- Fortescue Metals’ (FMG) subsidiary Fortescue Future Industries (FFI) announces it will build a new hydrogen plant in Queensland as part of a series of Global Green Energy Manufacturing (GEM) projects.
- The project is part of FMG’s plans for carbon neutrality by 2030
- FMG’s Climate Change report says the FFI will create 15 million tonnes of green hydrogen annually by 2030
- The hydrogen plant will cost $115 million in its first stage but will contribute to generating thousands of jobs while aiming to double global production of hydrogen by 2023
Fortescue Future Industries (FFI) has announced a new hydrogen plant in Queensland as part of a series of Global Green Energy Manufacturing (GEM) projects.
FFI is a wholly owned subsidiary of Fortescue Metals Group (FMG). The project is part of Fortescue’s industry goal of carbon neutrality by 2030.
The hydrogen plant will cost $115 million in its first stage but will contribute to creating thousands of jobs while aiming to double the global production of hydrogen by 2023.
The plant’s first batch of clean energy is scheduled for early 2023.
FMG’s facility will be erected in Aldoga, to the west of Gladstone.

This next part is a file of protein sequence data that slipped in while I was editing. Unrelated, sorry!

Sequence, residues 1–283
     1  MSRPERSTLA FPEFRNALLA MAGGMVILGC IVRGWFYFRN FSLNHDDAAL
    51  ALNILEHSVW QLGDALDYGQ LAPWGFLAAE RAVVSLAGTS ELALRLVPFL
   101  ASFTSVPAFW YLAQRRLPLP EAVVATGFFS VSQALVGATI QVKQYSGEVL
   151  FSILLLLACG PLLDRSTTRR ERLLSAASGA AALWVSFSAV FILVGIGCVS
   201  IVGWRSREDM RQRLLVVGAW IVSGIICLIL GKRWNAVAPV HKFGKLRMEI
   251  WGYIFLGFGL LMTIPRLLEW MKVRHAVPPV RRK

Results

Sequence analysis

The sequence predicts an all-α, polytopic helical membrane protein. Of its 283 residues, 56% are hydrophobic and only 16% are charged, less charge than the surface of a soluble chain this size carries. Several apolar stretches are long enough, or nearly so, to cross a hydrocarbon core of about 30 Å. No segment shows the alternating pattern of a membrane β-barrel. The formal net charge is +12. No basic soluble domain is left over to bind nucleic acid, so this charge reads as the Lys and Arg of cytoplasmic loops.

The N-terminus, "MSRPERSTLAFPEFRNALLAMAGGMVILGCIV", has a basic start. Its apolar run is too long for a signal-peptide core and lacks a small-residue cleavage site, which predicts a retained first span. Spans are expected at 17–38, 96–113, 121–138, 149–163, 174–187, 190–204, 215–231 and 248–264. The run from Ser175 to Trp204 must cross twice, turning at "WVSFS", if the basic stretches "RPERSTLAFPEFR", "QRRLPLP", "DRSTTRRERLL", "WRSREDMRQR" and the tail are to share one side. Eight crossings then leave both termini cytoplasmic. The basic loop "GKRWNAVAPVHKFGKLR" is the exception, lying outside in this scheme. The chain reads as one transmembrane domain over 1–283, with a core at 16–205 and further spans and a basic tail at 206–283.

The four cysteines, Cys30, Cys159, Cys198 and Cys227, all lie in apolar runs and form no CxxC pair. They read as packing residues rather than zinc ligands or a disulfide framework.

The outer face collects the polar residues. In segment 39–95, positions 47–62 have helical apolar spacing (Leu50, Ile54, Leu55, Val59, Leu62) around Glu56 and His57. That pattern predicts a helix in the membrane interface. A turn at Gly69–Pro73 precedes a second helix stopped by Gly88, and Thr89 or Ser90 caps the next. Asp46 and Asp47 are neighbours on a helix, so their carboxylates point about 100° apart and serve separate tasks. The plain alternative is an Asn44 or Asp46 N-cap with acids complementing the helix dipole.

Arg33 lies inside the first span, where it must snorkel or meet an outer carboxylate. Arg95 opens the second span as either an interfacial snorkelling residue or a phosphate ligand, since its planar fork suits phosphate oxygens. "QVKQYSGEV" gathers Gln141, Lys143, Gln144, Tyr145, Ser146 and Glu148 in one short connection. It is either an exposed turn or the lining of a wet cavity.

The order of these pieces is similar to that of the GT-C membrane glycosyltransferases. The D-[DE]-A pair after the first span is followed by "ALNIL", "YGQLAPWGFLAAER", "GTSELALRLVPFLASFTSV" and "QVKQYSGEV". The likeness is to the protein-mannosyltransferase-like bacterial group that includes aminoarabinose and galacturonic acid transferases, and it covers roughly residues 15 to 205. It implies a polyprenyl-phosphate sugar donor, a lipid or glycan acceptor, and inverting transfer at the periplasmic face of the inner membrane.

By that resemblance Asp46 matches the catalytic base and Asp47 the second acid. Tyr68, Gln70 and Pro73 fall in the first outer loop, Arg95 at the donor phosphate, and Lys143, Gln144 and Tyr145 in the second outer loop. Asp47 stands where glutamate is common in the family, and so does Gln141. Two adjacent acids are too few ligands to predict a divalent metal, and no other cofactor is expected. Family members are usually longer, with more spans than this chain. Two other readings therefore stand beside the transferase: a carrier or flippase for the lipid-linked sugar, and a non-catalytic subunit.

Premier Annastacia Palaszczuk welcomed the project.
“Now is the time for Queensland to position itself as a significant hydrogen trading partner with our international neighbours,” Ms Palaszczuk said.
Hidden hydrogen treasure
According to the Australian Renewable Energy Agency (ARENA), hydrogen can be used as a replacement for transport fuel, heating systems or as a way to store electricity.
The energy is harnessed through electrolysers that split water into atoms to produce oxygen, hydrogen and heat. The process of splitting oxygen and hydrogen creates green energy with zero emissions.
ARENA predicted global Australian hydrogen demands could be valued at more than $10 billion each year after 2040. The Australian Government’s National Hydrogen Strategy is aiming for commercial hydrogen exports to commence by 2030.
FMG cleans up
According to Fortescue chairman Andrew Forrest, greener iron ore mining could lead to domestic green steel manufacturing, with the potential to create more jobs than the entire coal industry.
FMG’s Climate Change Report said FFI would create 15 million tonnes of green hydrogen annually by 2030.
FMG outlined the current goal of 24 per cent renewable power generation and batteries for mine sites, the 2023 goal of 26 per cent battery and hydrogen-powered haul trucks and the 2027 goal of 36 per cent hydrogen-powered heavy mining equipment.
“We will not allow the world to keep on cooking — we will not allow our children to inherit a much-less stable environment,” Dr Forrest said.